The Department of Microbiology and Biotechnology (Faculty of Biotechnology and Animal Husbandry) conducts research on biosynthesis, modification, analysis of properties and search for new applications for bionanocellulose - cellulose produced by bacteria. In particular, new methods of producing and modifying materials based on bionanocellulose are developed. The possibility of using bionanocellulose as a carrier to immobilize bioactive substances and microorganisms with biotechnological potential is analyzed. Methods of modification of dressing materials based on bionanocellulose to prevent their colonization by pathogenic microorganisms and to facilitate eradication of bacterial biofilms are studied. The research on analyzing the possibility of using bionanocellulose materials to produce biodegradable, antibacterial and antiviral filters for use in protective masks and air purification systems is also carried out. Magnetic carriers based on bionanocellulose for immobilization of enzymes of industrial importance are being developed.
The Department of Organic Chemical Technology and Polymer Materials (Faculty of Chemical Technology and Engineering) conducts research on modification of biopolymers and their technical applications, physical modification of polysaccharides with biodegradable plasticizers, including development of new technical applications of polysaccharide-based materials (in adhesives, coatings, etc.). Work is also being carried out on micro- and nanocomposites based on polysaccharides, thermo- and duroplastic polymers, containing 2D mineral and natural nanofillers (montmorillonite, halloysite). Research is also conducted on encapsulating materials for artificial fertilizers and works on the production and characterization of electroconductive, anticorrosive, flame retardant/swelling varnishes, paints and coatings. Modification of biopolymers, including starch copolymers and starch nanocomposites for sorption applications towards superabsorbents (sorption of water, aqueous solutions and ions), flocculants for water and wastewater treatment is also carried out. Research is also conducted on the synthesis and properties of condensation polymers, especially multiphase block systems based on polyesters and polyamides, analysis of the phase composition of copolymers based on Hansen's method and Hoftijzer and van Krevelen's method - simulation of three-dimensional areas of mutual miscibility of blocks, determination of solubility parameters of complex polymer systems.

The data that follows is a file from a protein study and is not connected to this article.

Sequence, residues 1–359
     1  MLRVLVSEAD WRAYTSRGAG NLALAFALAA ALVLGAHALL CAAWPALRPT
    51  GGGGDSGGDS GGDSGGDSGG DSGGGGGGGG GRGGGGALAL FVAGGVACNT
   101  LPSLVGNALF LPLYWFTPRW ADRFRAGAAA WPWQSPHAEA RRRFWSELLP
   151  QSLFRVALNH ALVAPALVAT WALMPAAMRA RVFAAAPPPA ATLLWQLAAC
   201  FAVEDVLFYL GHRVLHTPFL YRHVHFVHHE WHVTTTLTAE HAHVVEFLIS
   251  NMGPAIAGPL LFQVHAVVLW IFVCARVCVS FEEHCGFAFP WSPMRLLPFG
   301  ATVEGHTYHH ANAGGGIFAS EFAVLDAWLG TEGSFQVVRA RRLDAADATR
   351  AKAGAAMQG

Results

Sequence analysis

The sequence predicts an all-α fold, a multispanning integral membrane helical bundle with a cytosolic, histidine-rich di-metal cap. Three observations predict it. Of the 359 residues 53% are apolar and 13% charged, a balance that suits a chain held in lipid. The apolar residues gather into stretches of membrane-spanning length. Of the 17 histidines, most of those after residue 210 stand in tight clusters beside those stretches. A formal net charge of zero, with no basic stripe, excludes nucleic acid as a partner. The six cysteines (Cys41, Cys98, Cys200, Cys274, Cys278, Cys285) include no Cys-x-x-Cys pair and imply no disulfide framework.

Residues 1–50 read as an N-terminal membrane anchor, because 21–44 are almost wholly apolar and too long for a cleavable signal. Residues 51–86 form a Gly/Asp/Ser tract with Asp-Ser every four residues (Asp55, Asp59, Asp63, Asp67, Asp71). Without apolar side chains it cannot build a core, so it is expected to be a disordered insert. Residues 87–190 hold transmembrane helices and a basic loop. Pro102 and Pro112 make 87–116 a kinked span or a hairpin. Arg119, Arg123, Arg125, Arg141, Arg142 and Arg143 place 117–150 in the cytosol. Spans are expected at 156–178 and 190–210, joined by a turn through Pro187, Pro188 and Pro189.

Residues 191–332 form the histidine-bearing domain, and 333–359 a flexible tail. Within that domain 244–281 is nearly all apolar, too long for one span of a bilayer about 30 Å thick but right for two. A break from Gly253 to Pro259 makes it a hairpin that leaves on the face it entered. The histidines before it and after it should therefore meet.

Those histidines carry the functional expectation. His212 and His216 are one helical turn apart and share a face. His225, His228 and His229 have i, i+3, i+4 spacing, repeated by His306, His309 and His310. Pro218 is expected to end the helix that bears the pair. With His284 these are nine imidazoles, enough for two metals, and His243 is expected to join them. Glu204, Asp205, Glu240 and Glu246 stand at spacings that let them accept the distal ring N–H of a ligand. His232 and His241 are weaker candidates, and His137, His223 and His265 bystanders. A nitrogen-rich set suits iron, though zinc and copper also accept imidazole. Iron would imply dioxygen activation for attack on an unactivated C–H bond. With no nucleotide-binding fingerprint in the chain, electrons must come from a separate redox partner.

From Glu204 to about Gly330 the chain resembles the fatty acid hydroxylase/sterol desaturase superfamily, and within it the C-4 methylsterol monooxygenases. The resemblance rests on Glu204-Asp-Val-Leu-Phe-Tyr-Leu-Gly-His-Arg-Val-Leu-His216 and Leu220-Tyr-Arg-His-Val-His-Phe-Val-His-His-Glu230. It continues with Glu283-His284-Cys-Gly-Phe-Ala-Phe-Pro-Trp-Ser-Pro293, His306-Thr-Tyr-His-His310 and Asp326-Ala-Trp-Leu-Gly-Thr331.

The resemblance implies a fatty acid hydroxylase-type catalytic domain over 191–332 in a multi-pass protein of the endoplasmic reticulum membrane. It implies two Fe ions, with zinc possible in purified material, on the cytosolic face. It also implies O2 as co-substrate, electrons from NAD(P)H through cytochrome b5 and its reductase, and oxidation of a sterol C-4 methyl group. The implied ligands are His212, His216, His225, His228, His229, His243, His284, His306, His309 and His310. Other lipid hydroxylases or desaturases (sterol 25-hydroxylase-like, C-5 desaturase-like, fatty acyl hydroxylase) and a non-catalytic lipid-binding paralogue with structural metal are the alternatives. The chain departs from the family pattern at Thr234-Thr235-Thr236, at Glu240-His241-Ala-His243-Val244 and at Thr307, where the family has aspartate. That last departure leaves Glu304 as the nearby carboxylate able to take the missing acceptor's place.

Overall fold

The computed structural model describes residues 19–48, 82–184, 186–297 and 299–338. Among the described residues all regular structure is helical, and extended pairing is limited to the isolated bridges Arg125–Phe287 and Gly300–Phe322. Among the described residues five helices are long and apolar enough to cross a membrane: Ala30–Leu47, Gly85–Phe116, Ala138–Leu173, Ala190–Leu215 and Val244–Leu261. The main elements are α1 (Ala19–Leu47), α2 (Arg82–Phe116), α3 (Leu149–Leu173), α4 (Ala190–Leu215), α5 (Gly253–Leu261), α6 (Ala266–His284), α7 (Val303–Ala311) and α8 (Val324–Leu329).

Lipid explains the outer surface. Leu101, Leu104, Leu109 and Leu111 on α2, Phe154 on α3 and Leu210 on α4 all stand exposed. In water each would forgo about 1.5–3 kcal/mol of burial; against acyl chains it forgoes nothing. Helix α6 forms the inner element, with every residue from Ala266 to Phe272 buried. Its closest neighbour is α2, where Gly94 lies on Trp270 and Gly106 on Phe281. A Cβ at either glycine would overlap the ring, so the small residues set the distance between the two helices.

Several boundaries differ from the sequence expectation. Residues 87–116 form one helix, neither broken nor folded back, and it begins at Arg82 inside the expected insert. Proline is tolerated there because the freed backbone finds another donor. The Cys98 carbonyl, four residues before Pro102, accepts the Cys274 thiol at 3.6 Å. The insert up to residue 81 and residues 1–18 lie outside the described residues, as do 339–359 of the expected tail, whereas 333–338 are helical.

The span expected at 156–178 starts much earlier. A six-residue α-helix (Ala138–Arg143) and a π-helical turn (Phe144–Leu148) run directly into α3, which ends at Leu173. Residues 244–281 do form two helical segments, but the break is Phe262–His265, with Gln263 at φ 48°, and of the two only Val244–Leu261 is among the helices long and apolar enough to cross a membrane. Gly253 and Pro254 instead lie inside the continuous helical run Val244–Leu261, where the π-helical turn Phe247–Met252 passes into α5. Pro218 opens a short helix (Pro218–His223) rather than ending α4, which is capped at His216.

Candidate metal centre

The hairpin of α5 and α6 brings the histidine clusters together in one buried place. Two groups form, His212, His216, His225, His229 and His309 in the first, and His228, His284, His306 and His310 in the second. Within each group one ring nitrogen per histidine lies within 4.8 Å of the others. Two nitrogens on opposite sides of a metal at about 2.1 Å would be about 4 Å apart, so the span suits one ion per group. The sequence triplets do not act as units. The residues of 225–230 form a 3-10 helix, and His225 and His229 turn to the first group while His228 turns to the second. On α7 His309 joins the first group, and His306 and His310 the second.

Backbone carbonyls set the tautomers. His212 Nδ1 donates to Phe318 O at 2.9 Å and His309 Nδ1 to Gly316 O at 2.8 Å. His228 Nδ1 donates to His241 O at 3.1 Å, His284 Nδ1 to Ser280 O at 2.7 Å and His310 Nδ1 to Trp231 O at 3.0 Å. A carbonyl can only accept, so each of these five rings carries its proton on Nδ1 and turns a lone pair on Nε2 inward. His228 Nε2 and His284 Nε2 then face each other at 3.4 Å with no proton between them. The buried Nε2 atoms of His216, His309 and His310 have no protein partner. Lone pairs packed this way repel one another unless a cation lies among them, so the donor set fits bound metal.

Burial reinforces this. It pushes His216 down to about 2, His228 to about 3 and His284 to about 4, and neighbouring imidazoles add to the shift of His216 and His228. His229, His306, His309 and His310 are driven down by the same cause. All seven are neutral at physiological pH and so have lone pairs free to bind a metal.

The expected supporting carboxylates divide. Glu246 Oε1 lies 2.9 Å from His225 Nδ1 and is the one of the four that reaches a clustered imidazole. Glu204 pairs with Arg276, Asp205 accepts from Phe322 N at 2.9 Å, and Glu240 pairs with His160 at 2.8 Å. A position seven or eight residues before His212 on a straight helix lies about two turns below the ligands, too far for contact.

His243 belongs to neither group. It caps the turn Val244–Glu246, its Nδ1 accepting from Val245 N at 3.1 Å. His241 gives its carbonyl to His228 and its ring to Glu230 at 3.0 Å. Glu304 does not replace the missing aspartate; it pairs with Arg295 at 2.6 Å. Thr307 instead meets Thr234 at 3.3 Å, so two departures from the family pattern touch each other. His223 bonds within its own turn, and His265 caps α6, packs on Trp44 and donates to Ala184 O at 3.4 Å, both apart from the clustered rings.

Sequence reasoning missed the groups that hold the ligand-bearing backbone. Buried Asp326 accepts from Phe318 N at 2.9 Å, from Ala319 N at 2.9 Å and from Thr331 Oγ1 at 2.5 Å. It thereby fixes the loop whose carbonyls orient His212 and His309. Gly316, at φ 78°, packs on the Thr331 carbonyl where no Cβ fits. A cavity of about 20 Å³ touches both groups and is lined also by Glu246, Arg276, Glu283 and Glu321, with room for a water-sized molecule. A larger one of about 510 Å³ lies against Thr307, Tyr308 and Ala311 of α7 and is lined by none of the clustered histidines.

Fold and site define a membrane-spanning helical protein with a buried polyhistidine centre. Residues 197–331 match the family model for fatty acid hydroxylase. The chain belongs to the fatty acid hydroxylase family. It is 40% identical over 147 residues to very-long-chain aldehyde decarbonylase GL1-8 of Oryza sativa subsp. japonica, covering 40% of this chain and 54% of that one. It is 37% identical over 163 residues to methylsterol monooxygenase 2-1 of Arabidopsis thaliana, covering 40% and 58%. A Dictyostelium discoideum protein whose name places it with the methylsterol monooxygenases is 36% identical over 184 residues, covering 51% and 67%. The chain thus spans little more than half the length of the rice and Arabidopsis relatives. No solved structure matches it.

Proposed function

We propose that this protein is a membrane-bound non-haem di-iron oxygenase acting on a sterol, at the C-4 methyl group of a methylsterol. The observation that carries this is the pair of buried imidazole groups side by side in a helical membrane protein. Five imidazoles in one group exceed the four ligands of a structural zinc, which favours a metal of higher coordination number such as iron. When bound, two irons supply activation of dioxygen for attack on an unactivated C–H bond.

The Department of Materials Technology (Faculty of Mechanical Engineering and Mechatronics), conducts the research on modern surface engineering technologies for special applications. The aim of this work is to develop surface engineering technologies that increase durability of machine parts and technical equipment, and provide new functional properties. The research areas include: a) diffusion treatment of steel improving its mechanical properties. The work concerns nitriding and carbonitriding of steel, including corrosion-resistant steel. The treatment is aimed at increasing tribological resistance and hardness while maintaining high corrosion resistance; the research is conducted on the so-called low-temperature treatment. A special aspect of the research is activation of the surface by diffusion treatment; b) deposition by magnetron sputtering of coatings increasing tribological wear resistance and scratch resistance of austenitic steel surface with simultaneous anti-microbial resistance; The works concentrate on coatings based on so called S-phase of high hardness and corrosion resistance; c) production of diffusion layers on the basis of silicides and aluminides by the suspension method, aiming at the increase of resistance to high temperature oxidation of such materials as alloy steels, titanium alloys, molybdenum alloys or nickel alloys; d) production of thin functional coatings by methods of pulsed laser and electron beam ablation. Composite coatings with polymer and carbon matrix on steel and polymer substrates are produced. The research is aimed at investigating mass transport mechanisms, physico-chemical phenomena and the formation of coatings, especially composite ones, under conditions of high-energy beam ablation as well as the phenomena accompanying the interaction of the coating with the substrate, especially polymeric. In the area of surface engineering, the cooperation is carried out with Koszalin University of Technology, Institute of Metallurgy and Materials Science of the Polish Academy of Sciences in Cracow and Lodz University of Technology, as well as with foreign centers, such as National Institute for Research and Development for Laser, Plasma and Radiation Physics from Romania, Advanced Research Center for Nanolithography from the Netherlands and University of Sheffield from Great Britain. The main industrial partner is the company SECO/WARWICK from Świebodzin. Another area of the Department's research activity is the design and fabrication of nanostructured ceramic composites, including mechanisms for the synthesis of nanostructured materials in the form of powders and ceramic coatings from the B-Mo-Si-Ti-C-N system. The synthesis of these materials is based on an original non-hydrolytic sol-gel method. Research is also conducted into the fabrication of metallic composites reinforced with nanocrystalline powders such as TiC/C, TiC, TiC-SiC-Si3N4, TiC-TiB2-B4C, TixMo1-xC. The current research focuses on the consolidation of titanium powders with nc-TiC, nc-MoC and nc-TixMo1-xC by selective laser metallurgy (SLM) and spark plasma sintering (SPS). These studies include the effects of molybdenum proportion, elemental carbon, sintering process parameters and porosity on the microstructure, morphology, mechanical and tribocorrosion properties of the composites and their surface layers. Tests of strength, susceptibility to brittle fracture, abrasive wear, Young's modulus and corrosion in aggressive environments are carried out. This research is conducted in cooperation with the Lukasiewicz Institute of Metal Forming - Research Network, National Centre for Nuclear Research in Świerk, Department of Silicate Chemistry and High Molecular Compounds of Stanisław Staszic AGH University of Science and Technology in Kraków, Koszalin University of Technology, GeniCore Company, the Department of Metallurgy and Materials Technology, Brandenburg University of Technology Cottbus - Senftenberg, Cottbus, Germany, Department of Physics, Norwegian University of Science and Technology, Trondheim, Norway. Another area of activity of the Department are multiphase polymer systems including preparation of new multiphase polymer systems with plant-derived monomers (e.g. 2,5-furanedicarboxylic acid (FDCA) and 2,5-thiophenodicarboxylic acid (TDCA)) showing functional properties similar to their "classical" counterparts. Special attention is paid to the preparation of ester copolymers with the features of thermoplastic elastomers. The work also includes the study of the relationship between the chemical structure, supermolecular structure, and physical and functional properties of new materials. Joint research projects are conducted in collaboration with industrial partners. The work carried out in this area is innovative in nature and involves the development of structural materials with new functional characteristics. Much of this work is also of applied nature and is of interest to such industrial units as TELEFONIKA-KABLE S.A., BORYSZEW-ELANA S.A., MABO Sp. z o.o., Nicrometal S.A., ELPAR ). The team also has significant achievements in the development of conditions for obtaining new polymeric materials and technologies of polymeric waste management as well as designing of injection moulds.